Whilst I'm down here in Valencia checking-out the progress of the Bulgarian immigrants, Eddie, over in Singapore, keeps up the momentum with another sterling piece about the effects of the 'baby shortage'.
Oh for babies to boost the economy
By Eddie Lee
ITALY is a Catholic country with a long tradition of large families. But last year, despite tax-funded childcare and paid leave for both parents, its fertility rate was just 1.2, half of what it was in the 1980s. In Britain, a study found that one in five women was childless by age 40, with the number of 40-year-old women without children now twice as high as it was 20 years ago. The fertility rate for the United Kingdom is now 1.6. In Scotland, deaths now exceed births. Scotland's population has started to decline.
Fertility rates are defined as the average number of lifetime births per woman. The rate at which a population replaces itself is 2.1. Europe's rate is about 1.5. By 2050, Italy could lose 16 per cent of its population and Germany could have to import half a million immigrants a year to keep the working-age population stable. United Nations population division director Joseph Chamie says what the world is seeing now is a revolution in fertility. Rates are falling in virtually every country in the world. The same factors that have long contributed to declining fertility rates in Europe are now emerging in developing countries.
The world's population could level off at about nine billion by mid-century, from six billion today. A decade ago, the UN was projecting about 12 billion. Singapore has just recorded its lowest number of births in 26 years. Only 18,503 babies were born from January to June, and extrapolating from this figure, there will be about 37,000 babies born this year - lower than the 38,364 recorded in 1977. Indeed, last year Singapore's fertility rate had already dropped to an all-time low of 1.4. Despite baby bonuses and state-supported dating programmes, Singapore has been unable to reverse the drop in its fertility rate, which first fell below the replacement level in 1975.
Dr Cheng Li Chang of the Thomson Fertility Centre said: 'Singaporeans are very realistic people. Raising children is becoming more costly, especially since our education system is so competitive. 'Parents feel the need to spend a lot of money on tuition and enrichment programmes for their children.' This investment in the future, however, also has the consequence that Singaporeans produce fewer children; hence the demographic conundrum. The economic consequences of an impending decline in population are likely to be far reaching. With fewer people of working age and more among the elderly and dependent, an economy's productive capacity and purchasing power are reduced.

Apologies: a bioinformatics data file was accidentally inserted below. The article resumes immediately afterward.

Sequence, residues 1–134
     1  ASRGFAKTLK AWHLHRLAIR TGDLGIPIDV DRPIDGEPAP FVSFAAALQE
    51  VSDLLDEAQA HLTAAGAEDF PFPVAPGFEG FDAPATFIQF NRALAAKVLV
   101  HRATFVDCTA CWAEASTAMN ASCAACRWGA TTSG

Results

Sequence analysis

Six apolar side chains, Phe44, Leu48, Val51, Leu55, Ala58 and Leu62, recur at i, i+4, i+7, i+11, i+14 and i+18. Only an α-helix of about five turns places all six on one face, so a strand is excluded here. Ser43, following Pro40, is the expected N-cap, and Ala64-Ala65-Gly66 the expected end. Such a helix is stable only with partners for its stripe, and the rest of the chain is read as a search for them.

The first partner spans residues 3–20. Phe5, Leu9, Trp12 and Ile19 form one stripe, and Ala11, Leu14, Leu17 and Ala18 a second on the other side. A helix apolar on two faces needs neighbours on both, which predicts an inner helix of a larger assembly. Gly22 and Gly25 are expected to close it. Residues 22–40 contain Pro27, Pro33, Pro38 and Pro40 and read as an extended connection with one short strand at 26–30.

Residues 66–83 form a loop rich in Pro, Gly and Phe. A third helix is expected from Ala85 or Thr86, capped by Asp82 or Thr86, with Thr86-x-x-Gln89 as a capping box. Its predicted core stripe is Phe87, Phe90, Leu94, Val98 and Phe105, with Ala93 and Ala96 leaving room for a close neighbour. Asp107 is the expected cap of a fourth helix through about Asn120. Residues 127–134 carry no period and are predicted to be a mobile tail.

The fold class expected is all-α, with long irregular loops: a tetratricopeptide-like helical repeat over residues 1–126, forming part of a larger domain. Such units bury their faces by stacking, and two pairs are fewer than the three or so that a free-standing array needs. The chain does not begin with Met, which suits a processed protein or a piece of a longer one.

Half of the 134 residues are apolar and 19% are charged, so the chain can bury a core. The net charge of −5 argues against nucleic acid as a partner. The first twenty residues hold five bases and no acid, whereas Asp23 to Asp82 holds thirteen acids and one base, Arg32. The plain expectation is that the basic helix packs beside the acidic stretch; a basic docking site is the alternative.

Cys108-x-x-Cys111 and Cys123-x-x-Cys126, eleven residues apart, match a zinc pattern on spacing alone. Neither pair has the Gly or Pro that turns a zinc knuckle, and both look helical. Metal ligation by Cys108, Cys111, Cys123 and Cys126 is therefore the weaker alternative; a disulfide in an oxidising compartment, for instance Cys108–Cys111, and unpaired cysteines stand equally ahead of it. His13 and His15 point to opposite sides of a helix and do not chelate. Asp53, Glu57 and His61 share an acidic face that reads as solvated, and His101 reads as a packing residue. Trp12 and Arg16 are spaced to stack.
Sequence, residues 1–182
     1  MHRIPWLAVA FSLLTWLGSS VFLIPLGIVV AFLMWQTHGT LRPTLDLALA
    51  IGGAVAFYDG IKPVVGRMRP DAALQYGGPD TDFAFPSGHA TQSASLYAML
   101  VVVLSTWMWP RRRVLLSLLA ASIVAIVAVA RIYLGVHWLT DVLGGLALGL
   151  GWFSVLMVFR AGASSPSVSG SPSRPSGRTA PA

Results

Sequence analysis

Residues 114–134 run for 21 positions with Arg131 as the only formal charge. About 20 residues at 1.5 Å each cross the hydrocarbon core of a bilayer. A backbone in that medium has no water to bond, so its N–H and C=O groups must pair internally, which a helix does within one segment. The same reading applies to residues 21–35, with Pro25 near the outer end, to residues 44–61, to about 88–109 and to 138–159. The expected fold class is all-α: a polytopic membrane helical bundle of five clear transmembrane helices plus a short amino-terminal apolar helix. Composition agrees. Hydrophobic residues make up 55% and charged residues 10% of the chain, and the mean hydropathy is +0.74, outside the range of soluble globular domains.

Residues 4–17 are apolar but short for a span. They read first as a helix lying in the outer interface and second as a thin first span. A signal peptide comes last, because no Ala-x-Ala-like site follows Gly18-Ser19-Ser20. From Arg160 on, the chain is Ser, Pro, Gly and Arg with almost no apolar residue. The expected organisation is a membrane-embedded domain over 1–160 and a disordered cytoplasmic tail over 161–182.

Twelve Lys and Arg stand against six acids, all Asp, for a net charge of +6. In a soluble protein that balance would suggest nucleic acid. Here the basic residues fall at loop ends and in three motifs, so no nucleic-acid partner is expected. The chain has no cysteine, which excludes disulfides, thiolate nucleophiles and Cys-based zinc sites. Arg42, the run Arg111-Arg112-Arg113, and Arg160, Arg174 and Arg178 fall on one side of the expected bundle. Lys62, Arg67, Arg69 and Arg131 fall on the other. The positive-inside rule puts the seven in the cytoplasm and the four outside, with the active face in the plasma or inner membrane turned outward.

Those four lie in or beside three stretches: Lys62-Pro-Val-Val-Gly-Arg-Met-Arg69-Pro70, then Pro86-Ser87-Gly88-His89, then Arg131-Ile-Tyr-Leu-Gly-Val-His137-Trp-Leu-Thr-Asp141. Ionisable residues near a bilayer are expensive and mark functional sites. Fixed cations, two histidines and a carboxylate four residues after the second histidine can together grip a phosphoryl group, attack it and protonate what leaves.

In fact, economists David Bloom and Jeffrey Williamson argue in a 1998 paper for the World Bank that East Asia's economic miracle resulted from a simple demographic trend: The working age population grew much faster than the dependent population from 1965 to 1990. This expanded the productive capacity of South Korea, Taiwan, Singapore and Hong Kong. Rapid growth, of course, is not inevitable. But it occurred in these places because they also had the social, economic, and political institutions that allowed them to realise the growth potential created by the demographic transition. Economists call this the 'gift' phase of the demographic transition, from pre-industrial high fertility and mortality to post-industrial low fertility.
It comes first with fewer infants and children dying young, and later, fewer children being born. The result is an increase in the proportion of working adults in the middle phase of the transition. In the final phase, however, the continued decline in fertility results in an ageing population and a decline in the proportion of working adults. This suggests future demographic change will depress growth rates in East Asia. It is no coincidence that Japan is the oldest nation in the world, with a median age of 41.3, and the first postwar industrial economy to suffer from deflation. It is no surprise either that economic growth in Italy, Switzerland and Germany has averaged just 0.5 per cent, with rapidly falling inflation rates, in the past two years. They have a median age of around 40. All three economies are now in recession.
And you can't blame their protracted sluggishness on the bursting of the 1990s stock market bubble, for central banks demonstrated in the 1970s and 1980s that they had pretty much learnt how to mitigate the effects of stock market crashes. Neither are labour market rigidities a good reason. Quite clearly, the deeper underlying cause in all cases is an ageing population. When thinking about the dramatic economic transformation that occurred in East Asia in the past half century, remember also that the plunge from high to low rates of fertility was much sharper in East Asia than in any other region or historical period. Today, the demographic 'gift' is passing from countries such as Japan, Hong Kong, Germany and Switzerland to China, India and Malaysia. Ditto the growth wave.
Source: Straits Times